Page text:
India is doing a great job for the developing and intermediate states of the world right now with regard to taxation.
In the Vodafone case that it is taking it is arguing that capital gains arise in the place where an asset is actually located, and not in the tax haven that a multinational corporation wants to record ownership of it.
Now it is taking on Microsoft. According to the Economic Times of India:
India has asked US software giant Microsoft to pay 175 million dollars in back taxes and interest for revenue earned from licensing its software here.
An Indian tax authority ruled Wednesday that Microsoft's India subsidiary Gracemac Corporation should have paid tax on the 560 million dollars it showed as revenue for the six financial years up to March 31, 2004.
The dispute revolves around whether the amount qualifies as royalties or sales.
The amount should have been taxed as royalties, the Commissioner of Income Tax ruled in New Delhi, citing language in the end-user license agreement shipped with the company's software.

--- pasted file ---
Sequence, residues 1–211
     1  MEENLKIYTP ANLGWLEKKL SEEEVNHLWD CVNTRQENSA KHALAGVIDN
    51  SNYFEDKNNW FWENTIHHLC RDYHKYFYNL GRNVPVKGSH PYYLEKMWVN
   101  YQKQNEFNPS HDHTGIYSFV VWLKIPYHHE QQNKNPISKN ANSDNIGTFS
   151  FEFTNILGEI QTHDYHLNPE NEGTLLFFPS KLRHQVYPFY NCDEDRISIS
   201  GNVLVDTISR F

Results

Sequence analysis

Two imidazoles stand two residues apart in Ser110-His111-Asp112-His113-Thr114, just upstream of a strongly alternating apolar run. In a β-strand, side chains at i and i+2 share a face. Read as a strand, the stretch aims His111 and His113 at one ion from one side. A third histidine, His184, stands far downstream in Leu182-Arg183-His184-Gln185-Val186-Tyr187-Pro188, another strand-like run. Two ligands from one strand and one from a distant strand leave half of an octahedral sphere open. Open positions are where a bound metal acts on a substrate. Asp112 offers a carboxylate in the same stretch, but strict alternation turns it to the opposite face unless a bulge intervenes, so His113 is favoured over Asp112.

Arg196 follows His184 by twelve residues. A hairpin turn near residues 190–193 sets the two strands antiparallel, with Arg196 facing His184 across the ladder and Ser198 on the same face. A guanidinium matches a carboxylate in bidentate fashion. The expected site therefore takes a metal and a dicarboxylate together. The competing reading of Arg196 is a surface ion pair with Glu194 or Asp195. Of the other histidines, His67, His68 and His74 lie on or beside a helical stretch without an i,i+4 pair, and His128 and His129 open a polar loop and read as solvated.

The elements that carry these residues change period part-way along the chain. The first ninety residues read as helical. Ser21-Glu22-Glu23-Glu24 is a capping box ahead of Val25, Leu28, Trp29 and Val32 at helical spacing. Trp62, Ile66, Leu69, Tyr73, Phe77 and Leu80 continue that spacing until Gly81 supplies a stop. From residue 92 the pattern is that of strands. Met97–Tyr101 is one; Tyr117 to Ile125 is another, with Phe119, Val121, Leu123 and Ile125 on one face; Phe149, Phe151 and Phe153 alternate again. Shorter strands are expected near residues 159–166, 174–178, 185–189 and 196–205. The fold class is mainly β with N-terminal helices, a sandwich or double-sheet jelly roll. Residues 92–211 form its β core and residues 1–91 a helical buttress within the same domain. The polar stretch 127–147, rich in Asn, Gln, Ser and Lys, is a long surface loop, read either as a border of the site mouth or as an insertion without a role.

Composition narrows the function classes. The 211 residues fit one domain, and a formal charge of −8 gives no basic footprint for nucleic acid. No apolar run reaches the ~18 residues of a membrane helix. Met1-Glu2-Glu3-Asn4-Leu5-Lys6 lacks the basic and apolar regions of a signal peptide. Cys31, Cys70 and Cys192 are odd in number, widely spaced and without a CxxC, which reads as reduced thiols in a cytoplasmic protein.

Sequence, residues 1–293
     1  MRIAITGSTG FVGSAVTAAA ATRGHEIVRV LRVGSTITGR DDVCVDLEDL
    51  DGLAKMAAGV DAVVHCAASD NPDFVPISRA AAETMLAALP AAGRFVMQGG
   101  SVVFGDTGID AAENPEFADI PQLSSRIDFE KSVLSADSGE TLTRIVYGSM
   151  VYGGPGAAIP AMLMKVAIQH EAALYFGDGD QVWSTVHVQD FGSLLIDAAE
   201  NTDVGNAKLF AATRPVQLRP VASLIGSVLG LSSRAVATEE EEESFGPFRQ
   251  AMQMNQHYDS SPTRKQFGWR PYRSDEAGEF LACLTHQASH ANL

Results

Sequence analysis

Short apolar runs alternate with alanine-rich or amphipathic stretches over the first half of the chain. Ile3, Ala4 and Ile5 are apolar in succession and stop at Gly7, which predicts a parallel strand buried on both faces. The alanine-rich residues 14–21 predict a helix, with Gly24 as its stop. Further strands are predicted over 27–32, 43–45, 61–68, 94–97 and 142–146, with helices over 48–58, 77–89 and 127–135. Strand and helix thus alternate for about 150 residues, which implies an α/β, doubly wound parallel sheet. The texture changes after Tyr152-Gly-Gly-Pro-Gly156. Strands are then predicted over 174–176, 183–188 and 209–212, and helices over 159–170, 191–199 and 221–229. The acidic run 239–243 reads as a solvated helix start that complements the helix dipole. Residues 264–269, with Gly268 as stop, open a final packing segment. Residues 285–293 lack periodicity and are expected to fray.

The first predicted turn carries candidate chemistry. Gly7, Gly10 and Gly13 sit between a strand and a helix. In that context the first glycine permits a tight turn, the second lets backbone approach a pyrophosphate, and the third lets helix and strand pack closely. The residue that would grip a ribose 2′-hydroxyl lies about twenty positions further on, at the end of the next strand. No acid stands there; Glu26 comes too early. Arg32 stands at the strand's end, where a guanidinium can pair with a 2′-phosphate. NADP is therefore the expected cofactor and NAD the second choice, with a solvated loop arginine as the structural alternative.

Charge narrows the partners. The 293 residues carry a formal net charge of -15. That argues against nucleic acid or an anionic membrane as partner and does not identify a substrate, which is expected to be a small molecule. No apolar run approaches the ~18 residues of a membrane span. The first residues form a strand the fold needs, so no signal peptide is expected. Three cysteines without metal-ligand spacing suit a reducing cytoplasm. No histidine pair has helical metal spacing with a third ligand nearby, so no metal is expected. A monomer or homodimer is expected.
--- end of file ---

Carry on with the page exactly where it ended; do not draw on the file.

India taxes royalties at 15 percent, but the tax appeals body appeared to be levying a similar amount in penalties and interest charges.
Microsoft's India subsidiary did not pay taxes on the income, citing a double tax-avoidance treaty between India and the United States and noting that an overseas subsidiary paid tax in the US on profits from the software sales.
I warmly welcome this move. Microsoft has, as is well known, sought to shift all its profits outside the USA to Ireland - including those arising from India. This is unethical. It's also quite contrary to the spirit of tax compliance. This means that tax is not being paid where he economic transactions giving rise to profit occur. India is seeking to change that and to claim profit earned from its economy is taxable in that same economy.
This is source taxation. It is what the developing world needs. To stop aid dependency it is absolutely essential.
And as someone from the World Wildlife Fund said at a conference I was at yesterday - if all the multinational companies in Mozambique paid tax at 20% on their profits in that country they would have no need for aid. But those companies don't pay that tax.
India is trying to change this. Keep going, I say.